Here was a Cæsar: When comes such another?

The same. A Room in Antony's House. 1 Cit. Never, never :-Come, away, away: We'll burn his body in the holy place,

AXTONY, OCTAVIUS,and LEPIDUS,seated at a Table. And with the brands fire the traitors' houses. Ant. These many then shall die; their names Take up the body.

are prick'd. 2 Cit. Go, fetch fire.

Oct. Your brother too must die ; Consent you 3 Cit. Plack down benches.

Lop. I do consent.

(Lepidus ? 4 Cit. Pluck down forms, windows, any thing.

Prick him down, Antony (Exeunt Citizens, with the Body. Lep. Upon condition Publius shall not live, Ant. Now let it work: Mischief, thou artafoot. Who is your sister's son, Mark Antony.

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Ant. He shall not live; look, with a spot I| As he hath used of old. damn him.


Thou hast describ'd But, Lepidus, go you to Cæsar's house; A hot friend cooling: Ever note, Lucilius: Fetch the will hither, and we will determine When love begins to sicken and decay, How to cut off some charge in legacies.

It useth an euforced ceremony. Lp. What, shall I find you here?

There are no tricks in plain and simple faith : Oct.

Or here, or at But hollow men, like horses hot at hand, The Capitol.

(Erit LEPIDUS. Make gallant show and promise of their mettie: Ant. This is a slight unmeritable man, But when they should endure the bloody spur, Meet to be sent on errands: Is it fit,

They fall their crests, and, like deceitful jades, The threefold world divided, he should stand Sink in the trial. Comes his army on? One of the three to share it?

Luc. They mean this night in Sardis to be Oct.

So you thought him; quarterd;
And took his voice who should be prick'd to die, The greater part the horse in general,
In our black sentence and proscription. Are coine with Cassius,

orch within. Ant. Octavius, I have seen more days than yon: Bru,

Hark, he is arriv'd :-
And though we lay these honours on this man, March gently on to meet hiin.
To ease ourselves of divers slanderous loads,

Enter CASSius and Soldiers.
He shall but bear them as the ass bears gold. Cas. Stand, ho!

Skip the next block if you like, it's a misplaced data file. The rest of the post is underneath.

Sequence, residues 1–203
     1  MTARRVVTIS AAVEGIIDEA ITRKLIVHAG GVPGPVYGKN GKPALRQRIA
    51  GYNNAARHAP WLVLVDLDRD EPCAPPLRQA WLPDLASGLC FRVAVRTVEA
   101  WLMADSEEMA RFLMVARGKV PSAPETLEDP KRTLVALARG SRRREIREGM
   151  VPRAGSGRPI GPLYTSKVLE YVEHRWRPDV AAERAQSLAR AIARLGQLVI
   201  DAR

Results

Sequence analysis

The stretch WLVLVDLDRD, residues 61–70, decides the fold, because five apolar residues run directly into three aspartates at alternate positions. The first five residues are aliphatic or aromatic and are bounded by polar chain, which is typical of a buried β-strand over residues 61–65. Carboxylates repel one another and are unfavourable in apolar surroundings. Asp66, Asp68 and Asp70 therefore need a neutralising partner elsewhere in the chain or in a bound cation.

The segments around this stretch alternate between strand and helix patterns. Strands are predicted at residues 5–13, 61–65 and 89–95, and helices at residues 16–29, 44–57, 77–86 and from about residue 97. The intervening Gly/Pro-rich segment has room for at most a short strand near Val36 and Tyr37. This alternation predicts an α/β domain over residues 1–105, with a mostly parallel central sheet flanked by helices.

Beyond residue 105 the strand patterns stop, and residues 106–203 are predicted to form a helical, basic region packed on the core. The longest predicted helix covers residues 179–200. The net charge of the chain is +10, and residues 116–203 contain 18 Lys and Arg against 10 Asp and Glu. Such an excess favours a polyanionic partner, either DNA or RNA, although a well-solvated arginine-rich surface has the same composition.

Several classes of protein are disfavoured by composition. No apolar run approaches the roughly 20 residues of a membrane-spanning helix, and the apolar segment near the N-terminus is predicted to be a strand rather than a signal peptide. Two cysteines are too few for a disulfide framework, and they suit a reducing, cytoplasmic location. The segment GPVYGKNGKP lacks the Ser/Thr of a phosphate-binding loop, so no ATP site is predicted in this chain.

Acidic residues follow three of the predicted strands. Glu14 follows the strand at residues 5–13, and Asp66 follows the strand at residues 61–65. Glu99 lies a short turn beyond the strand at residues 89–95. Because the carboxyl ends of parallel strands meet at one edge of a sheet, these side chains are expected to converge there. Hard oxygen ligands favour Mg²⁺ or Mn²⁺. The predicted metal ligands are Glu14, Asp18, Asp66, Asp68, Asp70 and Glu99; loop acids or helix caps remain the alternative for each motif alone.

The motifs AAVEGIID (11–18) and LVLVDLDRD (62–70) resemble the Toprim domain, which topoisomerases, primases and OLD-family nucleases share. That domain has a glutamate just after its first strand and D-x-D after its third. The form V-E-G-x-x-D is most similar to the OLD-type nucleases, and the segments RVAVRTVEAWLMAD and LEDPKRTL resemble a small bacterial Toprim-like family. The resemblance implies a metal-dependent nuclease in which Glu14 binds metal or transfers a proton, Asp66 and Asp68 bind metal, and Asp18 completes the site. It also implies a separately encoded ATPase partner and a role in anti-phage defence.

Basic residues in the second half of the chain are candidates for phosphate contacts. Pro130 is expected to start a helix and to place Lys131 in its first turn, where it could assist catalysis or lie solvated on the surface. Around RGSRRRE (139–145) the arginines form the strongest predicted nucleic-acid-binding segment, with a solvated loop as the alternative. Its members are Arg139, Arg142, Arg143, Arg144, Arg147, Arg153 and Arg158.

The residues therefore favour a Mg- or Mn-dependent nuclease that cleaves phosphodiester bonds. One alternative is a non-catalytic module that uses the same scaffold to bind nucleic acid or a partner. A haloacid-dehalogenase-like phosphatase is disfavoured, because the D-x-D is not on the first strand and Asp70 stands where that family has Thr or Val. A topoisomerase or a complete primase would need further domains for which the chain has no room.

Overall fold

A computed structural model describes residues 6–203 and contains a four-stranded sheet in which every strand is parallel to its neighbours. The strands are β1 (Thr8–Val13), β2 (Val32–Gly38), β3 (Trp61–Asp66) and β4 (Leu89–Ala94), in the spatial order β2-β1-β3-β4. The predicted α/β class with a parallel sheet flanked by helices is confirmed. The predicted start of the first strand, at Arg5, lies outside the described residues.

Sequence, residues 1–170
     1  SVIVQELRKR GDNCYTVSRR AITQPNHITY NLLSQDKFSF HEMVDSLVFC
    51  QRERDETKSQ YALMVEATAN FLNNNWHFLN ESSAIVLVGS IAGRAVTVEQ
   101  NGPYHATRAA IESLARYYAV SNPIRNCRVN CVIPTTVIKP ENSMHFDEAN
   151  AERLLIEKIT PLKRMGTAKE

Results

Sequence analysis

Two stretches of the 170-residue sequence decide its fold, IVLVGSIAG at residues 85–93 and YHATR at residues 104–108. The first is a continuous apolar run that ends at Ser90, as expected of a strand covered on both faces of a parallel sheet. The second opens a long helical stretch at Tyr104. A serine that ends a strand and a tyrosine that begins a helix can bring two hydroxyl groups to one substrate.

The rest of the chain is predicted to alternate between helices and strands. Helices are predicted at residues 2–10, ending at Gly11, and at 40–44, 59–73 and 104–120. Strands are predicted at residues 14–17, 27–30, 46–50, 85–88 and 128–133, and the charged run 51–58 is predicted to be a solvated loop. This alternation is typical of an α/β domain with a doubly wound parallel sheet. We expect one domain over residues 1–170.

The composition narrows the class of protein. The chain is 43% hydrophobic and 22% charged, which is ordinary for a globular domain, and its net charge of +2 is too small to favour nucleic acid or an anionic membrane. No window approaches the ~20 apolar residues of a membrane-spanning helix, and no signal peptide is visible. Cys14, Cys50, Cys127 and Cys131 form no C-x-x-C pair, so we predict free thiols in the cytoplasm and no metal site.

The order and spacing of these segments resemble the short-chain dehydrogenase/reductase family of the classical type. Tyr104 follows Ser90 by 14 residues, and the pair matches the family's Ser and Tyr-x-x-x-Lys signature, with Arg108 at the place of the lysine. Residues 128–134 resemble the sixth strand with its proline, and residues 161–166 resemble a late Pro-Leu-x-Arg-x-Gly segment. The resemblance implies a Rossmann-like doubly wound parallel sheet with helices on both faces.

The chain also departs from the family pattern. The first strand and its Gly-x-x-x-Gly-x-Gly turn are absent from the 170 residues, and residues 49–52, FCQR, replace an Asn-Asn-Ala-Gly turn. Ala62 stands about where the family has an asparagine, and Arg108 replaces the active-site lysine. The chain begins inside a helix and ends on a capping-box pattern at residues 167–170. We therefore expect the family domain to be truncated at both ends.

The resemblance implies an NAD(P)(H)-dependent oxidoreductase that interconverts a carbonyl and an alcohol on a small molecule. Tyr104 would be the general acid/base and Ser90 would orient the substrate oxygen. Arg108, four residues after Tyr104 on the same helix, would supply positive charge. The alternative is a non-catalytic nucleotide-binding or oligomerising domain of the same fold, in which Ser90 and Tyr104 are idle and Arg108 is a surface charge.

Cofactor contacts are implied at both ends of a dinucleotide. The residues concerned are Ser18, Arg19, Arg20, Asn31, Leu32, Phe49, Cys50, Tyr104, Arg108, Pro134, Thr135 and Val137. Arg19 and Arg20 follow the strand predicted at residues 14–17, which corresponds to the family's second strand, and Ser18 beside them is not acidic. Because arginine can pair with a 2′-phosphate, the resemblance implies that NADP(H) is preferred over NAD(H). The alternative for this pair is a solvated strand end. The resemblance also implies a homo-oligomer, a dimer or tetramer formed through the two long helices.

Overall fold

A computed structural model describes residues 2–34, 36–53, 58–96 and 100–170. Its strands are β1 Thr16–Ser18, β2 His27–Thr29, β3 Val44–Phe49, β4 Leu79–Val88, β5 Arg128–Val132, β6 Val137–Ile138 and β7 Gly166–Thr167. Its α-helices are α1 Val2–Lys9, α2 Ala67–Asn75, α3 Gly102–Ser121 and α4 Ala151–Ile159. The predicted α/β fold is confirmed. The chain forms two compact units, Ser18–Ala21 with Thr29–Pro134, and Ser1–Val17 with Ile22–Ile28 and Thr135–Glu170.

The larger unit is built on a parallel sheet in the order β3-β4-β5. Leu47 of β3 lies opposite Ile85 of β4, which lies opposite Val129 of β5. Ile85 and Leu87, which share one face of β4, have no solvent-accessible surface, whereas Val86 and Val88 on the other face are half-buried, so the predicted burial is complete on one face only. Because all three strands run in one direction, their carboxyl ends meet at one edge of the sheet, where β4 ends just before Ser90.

To groan and sweat under the business,

Bru. Stand, ho! Speak the word along. Either led or driven, as we point the way;

Within. Stand, And having brought our treasure where we will, Within Stand. Then take we down his load, and turu him off, Within, Stand. Like to the empty ass, to shake his ears, Cas. Most noble brother, you have done me And graze in cominous.


(enemies? Oct.

Yon may do your will: Bru. Judge me, you gods! Wrong I mine But he's a tried and valiant soldier.

And, if not so, bow should I wrong a brother? Ant. So is my horse, Octavius; and, for that, Cas. Brutus, this sober form of yours hides I do appoint him store of provender.

And when you do then

(wrengg; It is a creature that I teach to fight,


Cassius, be content, To wind, to stop, to run directly on;

Speak your griefs softly,-I do know you well: His corporeal motion govern'd by my spirit. Before the eyes of both our armies here, And, in some taste, is Lepidus but so; Which should perceive nothing but love from us, He must be taught, and train'd, and bid go forth: Let us not wrangle: Bid them move away; A barren-spirited fellow; one that feeds

Then in my tent, Cassius, enlarge your griefs, On objects, arts, and imitations;

And I will give you audience. Which, ont of use, and stald by other men,

Pindarus, Begin his fashion. Do not talk of him, Bid our commanders lead their charges off But as a property. And now, Octavius, A little from this ground. Listen great things.--Brutus and Cassins Bru, Lucilius, do you the like; and let no man Are levying powers : we must straight make Come to our tent, till we have done our conTherefore, let our alliance be combin'd, (head: ference. Our best friends made, and our best ineans Let Lucius and Titinius guard our door. (Exeunt. stretch'd out.

SCENE II. Within the Tent of Brutus. And let us presently go sit in council,

Lucius and TITINIUS at some distance from it. How covert matters may be best disclos'd, And open perils surest answered.

Enter BRUTUS and CASSIUS. Oct. Let us do so; for we are at the stake,

Cas. That you have wrong'd ine, doth appear And bay'd about with many enemies;

in this : And some, that smile, have in their hearts, I fear, You have condemn'd and noted Lucius Pella, Millions of mischiefs.

[Exeunt. For taking bribes here of the Sardians; SCENE II.

Wherein, my letters, praying on his side,